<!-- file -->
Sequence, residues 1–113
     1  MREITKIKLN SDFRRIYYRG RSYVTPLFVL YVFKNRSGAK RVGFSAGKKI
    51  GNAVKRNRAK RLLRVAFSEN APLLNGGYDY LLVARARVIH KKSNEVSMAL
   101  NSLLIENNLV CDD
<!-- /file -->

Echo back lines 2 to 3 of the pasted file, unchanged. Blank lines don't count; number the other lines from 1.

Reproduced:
     1  MREITKIKLN SDFRRIYYRG RSYVTPLFVL YVFKNRSGAK RVGFSAGKKI
    51  GNAVKRNRAK RLLRVAFSEN APLLNGGYDY LLVARARVIH KKSNEVSMAL